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Leave situation could become ‘crisis’ for some state employees

By MARY SELL, Alabama Daily News

As COVID-19 cases continue to increase in the state, a state employee group is asking for flexibility for workers who may have to quarantine.

The Alabama State Employees Association is asking state agencies and departments to be “as creative as they can in helping all state employees through this pandemic,” Executive Director Mac McArthur told Alabama Daily News.

“If this goes on for a while or gets worse, I would say this becomes a crisis issue for some of our members,” McArthur said.

If in another month the delta virus is still increasing cases and closing schools, “then I think our members will be looking to the administration (for assistance),” he said.

Alabama ranks fourth in the country for the most new COVID-19 cases per capita, the Associated Press reported this week. Alabama Daily News reported Tuesday on concerns about teachers in the state having to use their personal leave — and running out of it — if they have to temporarily exit the classroom because of a COVID case or exposure.

State employees, like veteran teachers, can rollover their unused leave time from year to year and cash it out when they retire.

There is no statewide COVID-related leave policy for state employees. 

State Personnel Director Jackie Graham said it was her agency’s understanding that most agencies are following CDC guidelines on exposure, diagnosis and related quarantine periods.

“Some agencies are requiring leave, other agencies are allowing telework, and others are using a hybrid approach,” Graham told Alabama Daily News. “We are aware of some agencies that have employees out due to COVID exposure and/or diagnosis and certainly this will hamper operations but not to the point of shutting things down.  Most agencies can shift employees and resources as needed.”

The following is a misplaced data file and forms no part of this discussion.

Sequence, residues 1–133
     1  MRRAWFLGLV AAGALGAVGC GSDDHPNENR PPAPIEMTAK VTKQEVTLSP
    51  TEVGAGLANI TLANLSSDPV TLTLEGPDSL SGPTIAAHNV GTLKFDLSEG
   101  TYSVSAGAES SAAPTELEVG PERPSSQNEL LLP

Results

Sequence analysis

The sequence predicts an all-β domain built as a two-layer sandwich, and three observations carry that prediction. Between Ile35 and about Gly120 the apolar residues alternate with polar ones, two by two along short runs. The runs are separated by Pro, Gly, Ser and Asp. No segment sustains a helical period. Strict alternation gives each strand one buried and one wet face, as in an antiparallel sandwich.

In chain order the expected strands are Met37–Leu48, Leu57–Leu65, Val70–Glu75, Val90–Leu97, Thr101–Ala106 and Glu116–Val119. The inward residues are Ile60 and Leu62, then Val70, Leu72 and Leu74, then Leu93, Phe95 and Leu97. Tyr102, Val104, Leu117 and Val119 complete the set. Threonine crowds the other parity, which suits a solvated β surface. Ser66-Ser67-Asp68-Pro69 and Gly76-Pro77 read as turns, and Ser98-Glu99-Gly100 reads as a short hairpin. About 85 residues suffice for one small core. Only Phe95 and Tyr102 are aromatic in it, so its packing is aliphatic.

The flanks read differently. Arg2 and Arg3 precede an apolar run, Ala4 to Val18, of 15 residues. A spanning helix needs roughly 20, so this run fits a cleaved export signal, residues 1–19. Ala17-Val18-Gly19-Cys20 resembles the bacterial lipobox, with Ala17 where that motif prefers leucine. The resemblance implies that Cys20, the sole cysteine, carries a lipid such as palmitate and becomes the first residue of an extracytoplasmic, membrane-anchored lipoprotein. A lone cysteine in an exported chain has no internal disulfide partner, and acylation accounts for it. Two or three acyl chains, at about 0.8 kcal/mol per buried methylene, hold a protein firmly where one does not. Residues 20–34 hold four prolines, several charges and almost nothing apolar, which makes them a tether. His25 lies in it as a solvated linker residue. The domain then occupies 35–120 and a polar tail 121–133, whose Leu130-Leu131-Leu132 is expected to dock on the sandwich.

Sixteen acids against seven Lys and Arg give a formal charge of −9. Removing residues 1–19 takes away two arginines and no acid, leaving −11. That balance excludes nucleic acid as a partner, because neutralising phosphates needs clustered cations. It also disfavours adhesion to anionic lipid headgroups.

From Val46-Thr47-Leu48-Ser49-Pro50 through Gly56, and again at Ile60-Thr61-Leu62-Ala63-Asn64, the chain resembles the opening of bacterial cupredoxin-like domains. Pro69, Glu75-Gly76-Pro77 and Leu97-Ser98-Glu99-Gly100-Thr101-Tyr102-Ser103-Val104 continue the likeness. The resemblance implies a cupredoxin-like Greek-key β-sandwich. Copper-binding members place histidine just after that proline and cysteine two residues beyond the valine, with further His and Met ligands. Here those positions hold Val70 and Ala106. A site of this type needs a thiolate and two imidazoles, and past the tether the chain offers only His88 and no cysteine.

In March 2020, the start of the pandemic in Alabama, Ivey said state government agency directors should advise employees to work from home if possible. Employees were paid emergency leave and not required to utilize their personal leave.

Ivey spokeswoman Gina Maiola on Monday said she wasn’t aware that emergency leave would be an option now.

When employees run out of leave, “they fall off the payroll,” McArthur said.

“The biggest concern is the mother whose child’s school closes or their grade is being sent home to quarantine and she has no arrangement to keep the child,” McArthur said. “That puts a burden —  and I realize it’s not always the mother, but it’s disproportionately the mother that it falls to — on the state employee who can’t take endless amounts of leave.”

There are many state employee jobs that simply can’t be worked from home, McArthur said, including those in the corrections, transportation, public health and alcoholic beverage control departments.

“We’re starting to have a lot of a lot of the moms worried, as the cases are going up, folks are worried about the contact with the people they have just doing their jobs everyday,” he said.

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